Lomachenko, however does not see this fight as a walk in the park for him and does recognise attributes of Campbell that could make this a competitive fight.
He said: “I’m happy to be in London again. I have great memories of winning the Olympic gold medal in London. The venue was full every day and the atmosphere was electric. I think this will be a very technical fight, and you have to love the British boxing fans because they are so passionate, emotional and noisy. I only have great memories of boxing here.”
“I don’t want to talk too much,” he added.
“It might be the toughest fight of my career so far, maybe, because he has a height and reach advantage. Maybe it will be for me a big challenge, but I never think about it. I just do my job, train hard and then I come in the ring. I’m going to leave a winner, that’s all I know.”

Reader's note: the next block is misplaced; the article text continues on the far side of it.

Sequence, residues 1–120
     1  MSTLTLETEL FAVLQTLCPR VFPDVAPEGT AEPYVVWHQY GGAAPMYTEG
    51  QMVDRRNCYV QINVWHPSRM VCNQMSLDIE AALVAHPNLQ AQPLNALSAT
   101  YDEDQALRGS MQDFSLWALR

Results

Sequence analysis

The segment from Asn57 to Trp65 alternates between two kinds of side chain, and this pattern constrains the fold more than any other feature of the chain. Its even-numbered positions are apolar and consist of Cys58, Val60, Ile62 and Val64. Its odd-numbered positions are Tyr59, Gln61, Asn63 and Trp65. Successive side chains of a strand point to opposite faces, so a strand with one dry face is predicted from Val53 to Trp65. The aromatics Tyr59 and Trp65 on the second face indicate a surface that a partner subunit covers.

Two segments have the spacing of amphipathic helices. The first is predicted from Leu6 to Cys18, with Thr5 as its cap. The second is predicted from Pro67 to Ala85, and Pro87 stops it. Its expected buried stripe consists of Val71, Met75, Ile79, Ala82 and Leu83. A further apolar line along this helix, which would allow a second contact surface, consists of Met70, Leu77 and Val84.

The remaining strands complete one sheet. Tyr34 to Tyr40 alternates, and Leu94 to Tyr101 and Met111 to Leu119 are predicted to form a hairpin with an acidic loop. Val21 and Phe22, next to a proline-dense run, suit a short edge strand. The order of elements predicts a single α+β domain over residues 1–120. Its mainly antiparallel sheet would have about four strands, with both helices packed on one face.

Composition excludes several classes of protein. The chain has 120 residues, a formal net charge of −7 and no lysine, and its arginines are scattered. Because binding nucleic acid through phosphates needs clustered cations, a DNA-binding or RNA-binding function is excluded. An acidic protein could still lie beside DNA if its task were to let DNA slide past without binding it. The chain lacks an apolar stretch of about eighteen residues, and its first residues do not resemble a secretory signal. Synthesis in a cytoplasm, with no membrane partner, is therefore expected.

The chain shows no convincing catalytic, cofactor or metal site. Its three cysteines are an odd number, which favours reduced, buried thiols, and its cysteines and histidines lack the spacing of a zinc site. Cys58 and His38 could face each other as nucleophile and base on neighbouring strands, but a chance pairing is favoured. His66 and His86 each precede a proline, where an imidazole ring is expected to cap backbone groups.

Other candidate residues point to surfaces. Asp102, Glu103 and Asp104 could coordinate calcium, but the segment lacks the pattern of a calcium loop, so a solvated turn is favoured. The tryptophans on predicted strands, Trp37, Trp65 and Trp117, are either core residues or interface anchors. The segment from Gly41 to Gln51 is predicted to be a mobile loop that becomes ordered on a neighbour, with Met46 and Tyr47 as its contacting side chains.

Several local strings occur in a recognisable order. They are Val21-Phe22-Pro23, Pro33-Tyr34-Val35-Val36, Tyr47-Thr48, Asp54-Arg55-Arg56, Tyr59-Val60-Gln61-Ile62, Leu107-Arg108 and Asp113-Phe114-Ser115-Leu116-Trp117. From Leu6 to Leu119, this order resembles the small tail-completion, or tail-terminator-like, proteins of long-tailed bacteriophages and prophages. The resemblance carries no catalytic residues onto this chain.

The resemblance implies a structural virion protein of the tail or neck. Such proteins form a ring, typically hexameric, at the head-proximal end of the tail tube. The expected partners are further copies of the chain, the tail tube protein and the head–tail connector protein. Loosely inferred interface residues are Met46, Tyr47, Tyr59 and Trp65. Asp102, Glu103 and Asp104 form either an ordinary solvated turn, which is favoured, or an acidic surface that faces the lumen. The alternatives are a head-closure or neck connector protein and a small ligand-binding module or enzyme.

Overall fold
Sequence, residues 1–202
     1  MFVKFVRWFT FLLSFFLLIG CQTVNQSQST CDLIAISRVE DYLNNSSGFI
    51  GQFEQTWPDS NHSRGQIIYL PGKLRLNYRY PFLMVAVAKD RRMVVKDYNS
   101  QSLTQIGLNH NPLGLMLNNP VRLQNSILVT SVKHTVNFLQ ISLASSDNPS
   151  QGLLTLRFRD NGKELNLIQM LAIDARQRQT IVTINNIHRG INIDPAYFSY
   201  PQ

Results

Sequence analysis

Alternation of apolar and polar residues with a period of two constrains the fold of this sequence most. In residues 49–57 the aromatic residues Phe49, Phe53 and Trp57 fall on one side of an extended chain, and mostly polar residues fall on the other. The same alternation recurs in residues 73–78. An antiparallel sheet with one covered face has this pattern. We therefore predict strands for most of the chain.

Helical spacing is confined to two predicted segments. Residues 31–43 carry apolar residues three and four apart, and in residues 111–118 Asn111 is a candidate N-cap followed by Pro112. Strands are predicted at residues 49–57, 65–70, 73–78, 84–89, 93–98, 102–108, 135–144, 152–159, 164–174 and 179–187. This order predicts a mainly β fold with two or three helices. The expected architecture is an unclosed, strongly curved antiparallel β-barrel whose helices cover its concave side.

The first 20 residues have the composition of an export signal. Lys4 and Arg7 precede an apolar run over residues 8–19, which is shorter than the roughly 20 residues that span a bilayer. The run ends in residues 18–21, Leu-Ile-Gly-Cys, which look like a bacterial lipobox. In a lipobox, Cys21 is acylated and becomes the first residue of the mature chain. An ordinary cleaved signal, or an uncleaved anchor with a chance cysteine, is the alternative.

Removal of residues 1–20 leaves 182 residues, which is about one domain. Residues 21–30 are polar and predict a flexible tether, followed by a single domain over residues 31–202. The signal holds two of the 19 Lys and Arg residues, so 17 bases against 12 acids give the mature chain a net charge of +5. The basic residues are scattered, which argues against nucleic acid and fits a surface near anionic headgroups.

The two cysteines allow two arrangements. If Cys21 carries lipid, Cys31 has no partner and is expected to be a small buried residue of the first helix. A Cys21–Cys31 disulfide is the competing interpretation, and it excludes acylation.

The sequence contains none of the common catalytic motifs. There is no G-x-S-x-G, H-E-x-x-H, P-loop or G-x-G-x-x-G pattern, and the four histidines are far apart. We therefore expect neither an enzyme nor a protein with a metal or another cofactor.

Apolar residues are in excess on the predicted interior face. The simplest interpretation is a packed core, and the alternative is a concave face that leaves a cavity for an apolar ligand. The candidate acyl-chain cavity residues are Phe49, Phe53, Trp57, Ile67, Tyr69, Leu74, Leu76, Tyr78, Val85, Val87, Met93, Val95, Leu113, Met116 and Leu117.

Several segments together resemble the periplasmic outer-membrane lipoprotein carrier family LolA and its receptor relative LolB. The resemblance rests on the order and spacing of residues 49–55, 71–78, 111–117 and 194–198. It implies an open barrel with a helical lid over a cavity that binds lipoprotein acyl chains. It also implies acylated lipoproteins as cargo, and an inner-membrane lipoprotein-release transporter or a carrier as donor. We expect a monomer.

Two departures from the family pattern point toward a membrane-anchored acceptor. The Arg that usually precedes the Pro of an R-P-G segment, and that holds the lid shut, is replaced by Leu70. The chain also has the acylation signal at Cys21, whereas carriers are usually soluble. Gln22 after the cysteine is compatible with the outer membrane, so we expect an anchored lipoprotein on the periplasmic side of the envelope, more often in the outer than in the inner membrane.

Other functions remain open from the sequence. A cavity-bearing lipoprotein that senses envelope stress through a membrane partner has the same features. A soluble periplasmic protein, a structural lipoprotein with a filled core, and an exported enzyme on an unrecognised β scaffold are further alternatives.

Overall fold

By the numbers, the Lomachenko is highly active by throwing 62 punches per round and connecting at 35%. This similar to the average lightweight who throws around 59 punches but the connect rate is slightly lower at 29%.
He lands a few more punches in power punching department (14 per round) with an excellent connect rate of 47%. The average lightweight lands at 12 with a rate of 35%.
His opponents landed just 24% of their power shots and just 6 per round which is half the lightweight average.
Campbell, who stands at 5 foot 9 with a reach of 71 inches has the lead advantage against Lomachenko who stands at 5 foot 7 with a reach of 65 ½ inches.
There is no doubt that the skillset of Lomachenko might overpower Campbell as we saw in the Anthony Crolla fight and all the previous fights. But as a strong Englishman, Campbell much like his fellow countryman Crolla will give his heart and soul in this fight.